Transcript available on the Archives of American Art website.
An interview of Edward Hopper conducted 17 June 1959, by John D. Morse, for the Archives of American Art.
This interview was conducted in the Board Room of the Whitney Museum. The interview begins with the reading of Mr. Hopper's 1933 "Notes on Painting" in which Hopper states that the aim of painting is to create the most exact transcription of the most intimate impression of nature. Mr. Hopper then speaks of his change of feelings since the publication of this statement; his realization that the return to nature which he had prophesied has not yet occurred; his move towards realism despite contemporary abstraction (citing Eakins similar position in the 17th century); techniques on canvas and use of zinc; his decision to avoid protective varnishes in the belief that it is the responsibility of the owner to keep the works preserved; his success as a subconscious result of his painting honestly; the belief that "Apartment Houses" crystallized his style from thenceforth. Mr. Hopper then reads a statement that was published in Reality magazine in 1953 in which Hopper posits that art is an outward expression of inner life. In an addendum, John Morse states that a ledger of all of Mr. Hopper's works, catalogue dates, and prices exists.Hopper reads from two statements on art written for other purposes. He also comments on the materials he uses, why he choses some of the subjects he does, and his predictions about the future of American art.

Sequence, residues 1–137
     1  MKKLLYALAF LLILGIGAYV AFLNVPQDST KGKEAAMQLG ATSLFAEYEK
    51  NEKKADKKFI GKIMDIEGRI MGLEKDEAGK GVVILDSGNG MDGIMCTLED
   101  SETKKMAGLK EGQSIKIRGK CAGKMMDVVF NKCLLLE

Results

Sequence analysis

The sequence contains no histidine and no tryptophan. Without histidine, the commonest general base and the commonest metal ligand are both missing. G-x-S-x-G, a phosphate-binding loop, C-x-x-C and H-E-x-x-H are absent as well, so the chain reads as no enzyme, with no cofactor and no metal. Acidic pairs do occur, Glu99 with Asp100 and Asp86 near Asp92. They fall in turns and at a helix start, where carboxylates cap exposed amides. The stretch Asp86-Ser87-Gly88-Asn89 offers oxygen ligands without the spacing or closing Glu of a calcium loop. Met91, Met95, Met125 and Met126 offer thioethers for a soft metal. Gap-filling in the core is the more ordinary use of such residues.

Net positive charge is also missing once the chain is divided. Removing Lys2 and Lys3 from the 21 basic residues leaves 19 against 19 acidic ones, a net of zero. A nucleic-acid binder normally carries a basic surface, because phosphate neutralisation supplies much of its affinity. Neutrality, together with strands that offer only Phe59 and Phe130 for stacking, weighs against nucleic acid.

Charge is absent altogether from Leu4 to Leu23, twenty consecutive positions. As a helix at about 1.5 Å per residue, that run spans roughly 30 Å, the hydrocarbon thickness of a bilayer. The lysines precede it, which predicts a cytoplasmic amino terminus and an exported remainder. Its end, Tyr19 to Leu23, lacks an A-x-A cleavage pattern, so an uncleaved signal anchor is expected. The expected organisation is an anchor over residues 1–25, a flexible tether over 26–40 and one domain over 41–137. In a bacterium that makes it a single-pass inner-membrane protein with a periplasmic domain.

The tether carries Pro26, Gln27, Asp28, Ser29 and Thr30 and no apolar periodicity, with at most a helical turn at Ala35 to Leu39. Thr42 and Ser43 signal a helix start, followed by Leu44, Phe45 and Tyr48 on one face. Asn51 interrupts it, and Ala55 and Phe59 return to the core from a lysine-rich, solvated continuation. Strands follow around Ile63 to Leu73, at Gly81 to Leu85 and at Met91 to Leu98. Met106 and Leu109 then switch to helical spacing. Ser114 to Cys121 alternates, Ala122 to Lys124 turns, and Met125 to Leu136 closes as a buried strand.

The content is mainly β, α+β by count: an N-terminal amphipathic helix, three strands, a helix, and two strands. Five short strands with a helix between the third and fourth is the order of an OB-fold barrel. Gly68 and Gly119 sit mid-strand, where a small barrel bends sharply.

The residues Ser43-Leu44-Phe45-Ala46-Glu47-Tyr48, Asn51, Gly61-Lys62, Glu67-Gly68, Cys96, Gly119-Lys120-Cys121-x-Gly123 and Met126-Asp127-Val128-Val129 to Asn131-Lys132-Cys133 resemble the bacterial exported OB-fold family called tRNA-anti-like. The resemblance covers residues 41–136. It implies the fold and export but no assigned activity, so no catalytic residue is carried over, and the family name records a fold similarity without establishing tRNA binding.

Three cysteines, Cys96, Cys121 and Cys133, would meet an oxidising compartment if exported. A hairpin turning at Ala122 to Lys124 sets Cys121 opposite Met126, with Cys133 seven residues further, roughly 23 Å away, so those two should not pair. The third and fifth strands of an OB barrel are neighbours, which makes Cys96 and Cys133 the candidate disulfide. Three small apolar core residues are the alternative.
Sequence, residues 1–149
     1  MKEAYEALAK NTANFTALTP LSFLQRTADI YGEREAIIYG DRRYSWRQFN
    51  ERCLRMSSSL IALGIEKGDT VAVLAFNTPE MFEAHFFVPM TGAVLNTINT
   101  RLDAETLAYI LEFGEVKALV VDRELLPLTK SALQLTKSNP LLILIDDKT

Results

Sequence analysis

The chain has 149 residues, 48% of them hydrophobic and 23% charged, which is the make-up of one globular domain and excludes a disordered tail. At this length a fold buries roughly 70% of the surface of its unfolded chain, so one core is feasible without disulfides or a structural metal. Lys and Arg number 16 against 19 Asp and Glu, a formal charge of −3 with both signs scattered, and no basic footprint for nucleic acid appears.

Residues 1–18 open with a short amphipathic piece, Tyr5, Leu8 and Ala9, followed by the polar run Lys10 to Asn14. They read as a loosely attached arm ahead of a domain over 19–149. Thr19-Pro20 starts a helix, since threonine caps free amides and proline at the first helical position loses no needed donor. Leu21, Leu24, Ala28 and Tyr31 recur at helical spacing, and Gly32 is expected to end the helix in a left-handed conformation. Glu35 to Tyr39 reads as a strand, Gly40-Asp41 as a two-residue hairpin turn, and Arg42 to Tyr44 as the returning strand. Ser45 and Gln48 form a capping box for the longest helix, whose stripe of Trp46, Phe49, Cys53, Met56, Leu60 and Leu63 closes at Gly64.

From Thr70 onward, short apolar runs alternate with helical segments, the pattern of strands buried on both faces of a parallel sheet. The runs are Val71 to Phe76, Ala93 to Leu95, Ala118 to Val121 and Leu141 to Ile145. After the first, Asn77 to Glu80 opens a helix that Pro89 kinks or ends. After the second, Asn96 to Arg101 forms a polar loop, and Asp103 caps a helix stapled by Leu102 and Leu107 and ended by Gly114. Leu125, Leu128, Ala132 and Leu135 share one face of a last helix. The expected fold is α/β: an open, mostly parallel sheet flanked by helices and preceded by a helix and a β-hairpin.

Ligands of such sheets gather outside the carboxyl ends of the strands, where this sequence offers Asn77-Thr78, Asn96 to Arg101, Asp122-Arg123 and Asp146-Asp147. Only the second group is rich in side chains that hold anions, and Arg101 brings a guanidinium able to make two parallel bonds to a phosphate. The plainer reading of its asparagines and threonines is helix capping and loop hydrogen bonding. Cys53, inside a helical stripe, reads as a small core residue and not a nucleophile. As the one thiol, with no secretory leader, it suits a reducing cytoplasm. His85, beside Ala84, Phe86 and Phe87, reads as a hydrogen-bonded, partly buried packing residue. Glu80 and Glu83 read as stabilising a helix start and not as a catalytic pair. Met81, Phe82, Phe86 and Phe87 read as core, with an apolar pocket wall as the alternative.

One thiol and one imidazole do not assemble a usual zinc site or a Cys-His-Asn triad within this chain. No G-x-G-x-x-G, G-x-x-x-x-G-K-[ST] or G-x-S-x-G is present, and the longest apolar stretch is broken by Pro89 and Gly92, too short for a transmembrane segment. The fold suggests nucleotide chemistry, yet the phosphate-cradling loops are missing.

Quotes and excerpts must be cited as follows: Oral history interview with Edward Hopper, 1959 June 17. Archives of American Art, Smithsonian Institution.
Edward Hopper, (b. 1882; d. 1967), painter of New York, N.Y.
This interview is part of the Archives' Oral History Program, started in 1958 to document the history of the visual arts in the United States, primarily through interviews with artists, historians, dealers, critics and others.
Archives of American Art, Smithsonian Institution, 750 9th St. NW, Washington, D.C. 20001